Sources of Trucker Distraction
Truck driving is a difficult profession, with long hours and extended periods away from family and friends. Truckers face another risk—distractions. According to the Federal Motor Carrier Safety Administration (FMCSA), 80% of crashes are caused by a distraction in the 3 second window before a collision. Some of these distractions are outside the cab, but many are inside.
Anyone hurt in a truck accident should contact Karnas Law Firm, PLLC. We can often negotiate a settlement to cover your medical bills, lost income, and pain and suffering. In this article, we look at the most common truck driver distractions.
A major source of distraction is cell phone use. Reading or typing a text creates many problems, including:
- Removing a hand from the wheel, which can make taking defensive action difficult.
- Removing eyes from the road, so truckers don’t even see danger ahead. A truck can travel 100 yards in only a few seconds.
- Distracting a truck’s mind because they are thinking about the text or conversation. It is much harder to process information when a person is preoccupied with a conversation they just had.
Because phones are so distracting, the FMCSA has created a rule prohibiting the use of hand-held devices while a truck is in motion. Any trucker who violates the regulation can face fines.
But even the “hands free” devices which the government allows do not completely eliminate distraction. In particular, cognitive distraction remains a serious problem, and a trucker could still lose focus while having a phone conversation or after one has ended.
If you suspect a trucker was using a phone before your crash, tell your attorney. It might be possible to request cell phone records, which would prove when the phone was in use.
Dispatching devices like radios are just as distracting as cell phones. If a trucker needs to talk with a dispatcher, they should wait until the truck is idle. Using it while driving creates all the hazards as cell phones. In fact, there is a 900% increase in being involved in a safety critical event when a trucker uses this device.
Companies pay money to advertise on billboards precisely because they draw people’s attention. It’s natural for a trucker to read a billboard when one comes in his field of vision. Still, billboards are distracting, and a trucker might not see a car slowed down in front of him, leading to wrecks.
A trucker might have a guest riding in the cab. Any conversation can be distracting, especially if they are getting into an argument. If a trucker hits you and someone else pops out of the cab along with the driver, tell your attorney. We might track down this person and have them testify.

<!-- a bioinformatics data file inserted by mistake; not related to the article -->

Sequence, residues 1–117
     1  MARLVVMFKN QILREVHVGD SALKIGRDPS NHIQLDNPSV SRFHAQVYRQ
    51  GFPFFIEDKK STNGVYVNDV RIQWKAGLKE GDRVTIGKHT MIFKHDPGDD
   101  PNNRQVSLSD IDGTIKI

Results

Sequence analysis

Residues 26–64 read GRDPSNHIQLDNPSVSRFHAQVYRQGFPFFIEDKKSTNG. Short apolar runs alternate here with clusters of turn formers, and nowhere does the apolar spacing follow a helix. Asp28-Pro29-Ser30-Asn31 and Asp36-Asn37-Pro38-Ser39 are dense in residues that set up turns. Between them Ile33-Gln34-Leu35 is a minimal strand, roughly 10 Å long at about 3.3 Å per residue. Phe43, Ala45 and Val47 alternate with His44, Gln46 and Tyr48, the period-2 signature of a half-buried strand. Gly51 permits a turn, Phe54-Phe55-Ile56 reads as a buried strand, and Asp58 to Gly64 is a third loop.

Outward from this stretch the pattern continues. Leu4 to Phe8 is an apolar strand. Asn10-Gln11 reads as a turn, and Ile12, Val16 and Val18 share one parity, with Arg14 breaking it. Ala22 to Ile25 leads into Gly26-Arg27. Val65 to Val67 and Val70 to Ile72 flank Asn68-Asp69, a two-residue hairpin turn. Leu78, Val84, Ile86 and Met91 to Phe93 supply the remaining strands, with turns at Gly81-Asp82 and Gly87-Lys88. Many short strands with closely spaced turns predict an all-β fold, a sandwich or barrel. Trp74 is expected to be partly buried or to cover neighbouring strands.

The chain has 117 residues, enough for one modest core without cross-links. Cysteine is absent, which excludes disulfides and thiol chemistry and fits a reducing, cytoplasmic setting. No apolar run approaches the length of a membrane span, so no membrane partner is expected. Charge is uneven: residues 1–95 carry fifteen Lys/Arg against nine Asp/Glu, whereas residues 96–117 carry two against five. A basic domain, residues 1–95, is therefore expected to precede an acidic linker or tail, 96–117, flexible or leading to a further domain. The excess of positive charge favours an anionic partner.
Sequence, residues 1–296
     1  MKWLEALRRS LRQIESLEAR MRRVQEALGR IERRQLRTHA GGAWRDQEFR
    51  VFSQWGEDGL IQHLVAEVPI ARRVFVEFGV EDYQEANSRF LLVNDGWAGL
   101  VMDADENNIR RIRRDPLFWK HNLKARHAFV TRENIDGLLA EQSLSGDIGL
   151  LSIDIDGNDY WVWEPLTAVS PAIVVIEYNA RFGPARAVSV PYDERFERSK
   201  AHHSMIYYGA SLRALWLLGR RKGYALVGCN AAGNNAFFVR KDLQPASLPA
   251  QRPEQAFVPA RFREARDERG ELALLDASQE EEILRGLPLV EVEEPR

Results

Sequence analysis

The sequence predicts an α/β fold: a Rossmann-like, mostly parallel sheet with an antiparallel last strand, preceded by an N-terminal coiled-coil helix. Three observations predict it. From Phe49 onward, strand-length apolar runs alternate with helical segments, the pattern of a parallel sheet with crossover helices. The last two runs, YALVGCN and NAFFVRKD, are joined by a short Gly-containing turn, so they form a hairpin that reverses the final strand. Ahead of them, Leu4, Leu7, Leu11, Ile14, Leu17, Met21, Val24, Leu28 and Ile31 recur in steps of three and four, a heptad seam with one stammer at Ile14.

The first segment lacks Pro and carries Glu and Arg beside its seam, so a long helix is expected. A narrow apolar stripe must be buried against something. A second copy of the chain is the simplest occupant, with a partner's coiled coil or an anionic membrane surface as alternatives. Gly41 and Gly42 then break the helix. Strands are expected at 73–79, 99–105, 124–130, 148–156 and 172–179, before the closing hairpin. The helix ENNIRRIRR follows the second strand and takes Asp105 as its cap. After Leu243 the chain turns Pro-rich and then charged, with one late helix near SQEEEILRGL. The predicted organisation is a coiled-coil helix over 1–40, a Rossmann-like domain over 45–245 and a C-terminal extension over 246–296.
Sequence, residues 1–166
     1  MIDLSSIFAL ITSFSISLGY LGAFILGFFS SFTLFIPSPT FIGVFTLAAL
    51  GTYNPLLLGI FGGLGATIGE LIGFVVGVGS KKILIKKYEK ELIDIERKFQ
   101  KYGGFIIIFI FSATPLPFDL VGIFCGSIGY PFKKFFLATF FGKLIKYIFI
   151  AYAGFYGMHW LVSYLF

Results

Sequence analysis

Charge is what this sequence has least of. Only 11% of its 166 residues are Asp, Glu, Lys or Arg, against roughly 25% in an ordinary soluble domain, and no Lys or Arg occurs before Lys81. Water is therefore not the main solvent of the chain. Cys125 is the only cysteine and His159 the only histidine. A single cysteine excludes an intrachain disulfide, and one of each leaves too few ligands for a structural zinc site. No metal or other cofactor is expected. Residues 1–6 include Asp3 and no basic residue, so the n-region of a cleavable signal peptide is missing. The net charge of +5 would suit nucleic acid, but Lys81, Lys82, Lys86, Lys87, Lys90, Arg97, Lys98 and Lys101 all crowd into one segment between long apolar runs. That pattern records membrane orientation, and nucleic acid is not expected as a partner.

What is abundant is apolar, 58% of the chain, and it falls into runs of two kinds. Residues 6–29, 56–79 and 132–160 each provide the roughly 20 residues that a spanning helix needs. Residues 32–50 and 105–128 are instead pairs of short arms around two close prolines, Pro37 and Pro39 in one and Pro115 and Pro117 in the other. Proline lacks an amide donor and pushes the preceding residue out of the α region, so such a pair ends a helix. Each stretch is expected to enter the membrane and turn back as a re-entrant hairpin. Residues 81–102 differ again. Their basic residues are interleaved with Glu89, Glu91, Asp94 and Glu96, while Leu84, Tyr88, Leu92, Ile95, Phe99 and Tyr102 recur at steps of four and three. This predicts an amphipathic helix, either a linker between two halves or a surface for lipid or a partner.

Food and Drink
Almost every motorist has eaten a burger or drank a coffee while driving. We get it. This is common behavior. Consequently, we are not surprised that truckers, who spend long hours on the road, might eat or drink as well. Still, food and drink are sources of distraction, and the odds of an accident increase.
At a minimum, a trucker removes a hand from the wheel to raise a cup of coffee to their mouths or hold a sandwich as they bite into it. But some foods, like soup, are so complicated that a trucker might remove both hands.
Another problem with eating while driving is the risk of a spill. If a trucker spills hot coffee all over himself, he might become completely distracted. The same is true when spilling soup or ketchup. The risk of distraction is so serious that the FMCSA reports that some studies think eating is as risky as cell phone use.
Truckers are not immune to checking out accidents or arrests that are taking place on the side of the road, just like other motorists. Unfortunately, this “rubbernecking” creates a visual distraction, and a trucker could collide with vehicles slowed or stopped in front of him.
Dials on the Dash
A trucker changing the radio or adjusting the heat can also become distracted. These actions might feel like second nature. But removing their eyes from the road could lead to collisions, especially when traffic is congested, like in a work zone or downtown.
Contact a Truck Accident Lawyer
There is no excuse for distracted driving accidents, especially those involving commercial trucks. If you were hurt in a crash, call Karnas Law Firm for a free consultation. We will determine whether you have a legal right to sue the trucker or trucking company involved in the crash.